Coughing children are a big problem. They can’t sleep. They keep their parents awake. They sound dreadful. They cough so hard they barf (ick).
Every parent, at some time, comes to me desperately seeking a cure for their child’s cough. The children are usually desperate too, though after his mom told me that he had coughed for a month, one patient of mine seemed quite gleeful, exclaiming “And I have snot rockets!”
What can a sleep-deprived parent do to help the hacking little one? Isn’t there a medicine to stop that cough?
The marketers of cough and cold medications would like you to think so. Take a tour of the cough and cold aisle in your local drugstore and you will see some very seductive terms: cough syrups are marketed as “mucolytics” (break down that disgusting thick sludge in your lungs!), “expectorants” (out, out, damn goo), and “suppressants” (STOP that painful, hacking cough.) True, “seductive” may be a strange descriptor when discussing snot, but these terms can be very tantalizing to a frantic parent whose kid is hacking up a lung.
A sure fire cough remedy, however, is not as easy to find as these product descriptions would suggest. Continue reading
As the ad jingle goes, milk it does a body good. But many parents ask me if they should stop giving their sick child cow’s milk. Myth or truism? Here’s the lowdown.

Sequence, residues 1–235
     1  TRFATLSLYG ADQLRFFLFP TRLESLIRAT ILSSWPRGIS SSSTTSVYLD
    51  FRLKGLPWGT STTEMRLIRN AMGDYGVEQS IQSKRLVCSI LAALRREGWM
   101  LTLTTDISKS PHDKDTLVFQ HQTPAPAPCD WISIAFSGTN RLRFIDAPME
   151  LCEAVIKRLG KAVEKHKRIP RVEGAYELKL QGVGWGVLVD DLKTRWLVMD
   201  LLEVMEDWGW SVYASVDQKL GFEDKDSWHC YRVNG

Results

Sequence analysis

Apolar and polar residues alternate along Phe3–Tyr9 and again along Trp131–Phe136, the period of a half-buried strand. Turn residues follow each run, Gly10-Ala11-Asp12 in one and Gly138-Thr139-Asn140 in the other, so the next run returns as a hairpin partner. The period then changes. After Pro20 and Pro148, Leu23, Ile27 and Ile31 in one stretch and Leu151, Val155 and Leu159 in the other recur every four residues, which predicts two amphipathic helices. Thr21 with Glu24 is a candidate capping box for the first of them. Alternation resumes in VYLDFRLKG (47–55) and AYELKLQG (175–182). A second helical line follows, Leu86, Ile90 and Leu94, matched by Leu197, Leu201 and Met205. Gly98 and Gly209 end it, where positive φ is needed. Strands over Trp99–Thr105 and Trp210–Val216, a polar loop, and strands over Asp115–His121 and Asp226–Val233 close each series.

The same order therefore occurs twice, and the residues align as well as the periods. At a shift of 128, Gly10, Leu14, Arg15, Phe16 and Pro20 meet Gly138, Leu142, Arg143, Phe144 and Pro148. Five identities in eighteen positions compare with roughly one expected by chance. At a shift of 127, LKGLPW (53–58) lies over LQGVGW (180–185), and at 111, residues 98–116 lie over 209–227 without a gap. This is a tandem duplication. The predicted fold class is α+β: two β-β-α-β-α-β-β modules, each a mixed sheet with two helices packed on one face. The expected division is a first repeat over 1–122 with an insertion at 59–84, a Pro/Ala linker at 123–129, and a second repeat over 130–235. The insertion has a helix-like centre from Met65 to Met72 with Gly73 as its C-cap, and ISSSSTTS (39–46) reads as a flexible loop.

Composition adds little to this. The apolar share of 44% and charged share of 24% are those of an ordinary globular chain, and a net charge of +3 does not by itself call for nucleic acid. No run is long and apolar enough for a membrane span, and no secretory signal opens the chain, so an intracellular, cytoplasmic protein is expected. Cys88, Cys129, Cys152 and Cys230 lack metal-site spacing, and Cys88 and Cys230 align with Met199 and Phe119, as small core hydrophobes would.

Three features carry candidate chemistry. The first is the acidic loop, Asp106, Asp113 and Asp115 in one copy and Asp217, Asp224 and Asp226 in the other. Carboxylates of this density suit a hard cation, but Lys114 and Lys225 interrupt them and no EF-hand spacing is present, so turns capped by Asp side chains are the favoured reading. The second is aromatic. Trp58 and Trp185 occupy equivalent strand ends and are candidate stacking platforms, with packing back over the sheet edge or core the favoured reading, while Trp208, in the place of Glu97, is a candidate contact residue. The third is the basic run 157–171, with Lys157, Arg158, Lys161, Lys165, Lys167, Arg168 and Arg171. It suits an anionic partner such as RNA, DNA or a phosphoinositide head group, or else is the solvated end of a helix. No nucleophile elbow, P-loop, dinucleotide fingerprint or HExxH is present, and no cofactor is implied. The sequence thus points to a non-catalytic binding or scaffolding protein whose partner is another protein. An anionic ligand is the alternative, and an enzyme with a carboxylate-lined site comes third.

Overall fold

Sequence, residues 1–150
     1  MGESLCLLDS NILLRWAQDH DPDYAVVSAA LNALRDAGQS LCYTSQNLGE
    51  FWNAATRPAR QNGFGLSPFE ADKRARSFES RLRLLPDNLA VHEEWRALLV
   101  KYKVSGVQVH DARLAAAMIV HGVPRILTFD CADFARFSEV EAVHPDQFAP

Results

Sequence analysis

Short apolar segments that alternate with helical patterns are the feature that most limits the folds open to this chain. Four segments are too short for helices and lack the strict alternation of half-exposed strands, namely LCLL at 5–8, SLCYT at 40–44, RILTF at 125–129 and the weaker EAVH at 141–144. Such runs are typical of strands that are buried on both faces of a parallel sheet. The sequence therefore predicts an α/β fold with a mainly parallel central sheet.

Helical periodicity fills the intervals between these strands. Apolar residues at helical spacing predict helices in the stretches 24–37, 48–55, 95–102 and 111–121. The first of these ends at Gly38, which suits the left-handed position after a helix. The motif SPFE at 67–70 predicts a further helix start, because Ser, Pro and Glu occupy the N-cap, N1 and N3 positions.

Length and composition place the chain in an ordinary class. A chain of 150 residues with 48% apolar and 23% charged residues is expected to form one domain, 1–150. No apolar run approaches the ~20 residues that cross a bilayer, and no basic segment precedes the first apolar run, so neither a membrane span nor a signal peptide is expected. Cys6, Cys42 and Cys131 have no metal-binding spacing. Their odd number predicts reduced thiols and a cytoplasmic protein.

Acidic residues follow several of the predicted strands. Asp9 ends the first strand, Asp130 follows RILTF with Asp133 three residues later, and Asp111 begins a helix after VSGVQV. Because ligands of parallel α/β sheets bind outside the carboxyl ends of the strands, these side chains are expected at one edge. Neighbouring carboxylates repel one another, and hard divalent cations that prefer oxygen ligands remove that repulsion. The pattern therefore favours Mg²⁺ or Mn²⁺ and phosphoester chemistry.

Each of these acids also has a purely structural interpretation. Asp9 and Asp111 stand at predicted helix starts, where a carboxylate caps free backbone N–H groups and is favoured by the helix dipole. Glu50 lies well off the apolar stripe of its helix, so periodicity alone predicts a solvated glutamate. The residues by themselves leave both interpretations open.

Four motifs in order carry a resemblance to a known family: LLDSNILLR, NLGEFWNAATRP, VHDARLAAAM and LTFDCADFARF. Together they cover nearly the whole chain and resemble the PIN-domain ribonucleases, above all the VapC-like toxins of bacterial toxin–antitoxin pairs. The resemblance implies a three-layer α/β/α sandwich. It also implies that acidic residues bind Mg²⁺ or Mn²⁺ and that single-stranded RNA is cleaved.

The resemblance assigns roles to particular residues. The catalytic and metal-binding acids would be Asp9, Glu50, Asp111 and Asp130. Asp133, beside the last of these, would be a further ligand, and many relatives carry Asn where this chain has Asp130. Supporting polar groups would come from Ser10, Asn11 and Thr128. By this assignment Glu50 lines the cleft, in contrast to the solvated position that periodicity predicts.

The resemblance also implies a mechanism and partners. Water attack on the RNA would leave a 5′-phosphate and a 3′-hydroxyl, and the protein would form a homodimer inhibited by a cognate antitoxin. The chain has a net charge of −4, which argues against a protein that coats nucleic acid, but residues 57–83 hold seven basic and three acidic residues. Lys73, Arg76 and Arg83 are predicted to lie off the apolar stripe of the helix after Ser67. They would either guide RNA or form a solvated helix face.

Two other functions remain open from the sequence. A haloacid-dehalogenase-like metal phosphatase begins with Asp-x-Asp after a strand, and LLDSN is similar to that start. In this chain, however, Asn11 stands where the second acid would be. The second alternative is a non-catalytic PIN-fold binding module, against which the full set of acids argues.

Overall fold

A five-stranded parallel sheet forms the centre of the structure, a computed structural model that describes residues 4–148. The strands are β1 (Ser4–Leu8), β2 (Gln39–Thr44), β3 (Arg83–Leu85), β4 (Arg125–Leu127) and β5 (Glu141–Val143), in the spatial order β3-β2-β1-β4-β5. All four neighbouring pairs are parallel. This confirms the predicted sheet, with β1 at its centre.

It is true that milk may increase the thickness of mucous during a cold or other respiratory infection. It will not, however, worsen or prolong the illness itself. Avoiding dairy products during a respiratory illness may make your icky-feeling kid feel slightly less icky. But during any illness it is crucial that children drink plenty of fluids to stay well hydrated. If milk is the only thing your little one will drink during an illness, then give him milk! Continue reading
Rolling over, sitting, and walking are all important motor milestones in the life of an infant. And the exact timing of reaching these milestones vitally important… to the psyche of parents.
The mother of my four-month-old patient was ecstatic when she rolled over (all by herself!), and then devastated when she seemed uninterested in trying this new found skill again for nearly two months. She would sit by the crib pleading with her daughter: Roll over, honey, you can do it.
Every day in my pediatric practice I hear from parents who are worried about the rate that their child is developing motor skills. Parental worries come from watching friends’ children who are developing at different rates, or are triggered during a review of the prior generation’s baby books that detail how precocious other family members were. Continue reading
Many of the active parents in my practice, eager to stay fit in this new phase of their lives, want to know when they can go jogging with their new baby.
A pediatrician friend of mine recently asked my opinion on the subject.
He also forwarded me an email he got from their pediatrician. Continue reading
The first time I meet the parents of a newborn, I always give them a little lecture.
In order to be a good parent, I say, you have to take care of yourself first. You cannot be a good parent (or a good partner, or good at your job) unless you are well rested and practicing excellent self care.
A well rested parent, you ask? Yeah, right. But the point remains.
Well, I’m going to take a spoonful of my own medicine and will be on holiday for a month, unplugged. I will return at the end of June, with renewed vim and vigor.
What is that old saying? Doctor, heal thyself.
And so I will.
When is my baby going to teeth?
Nearly every parent begins to wonder if their four month old child is going to get a tooth *any minute* now.
Well, don’t hold your breath! Continue reading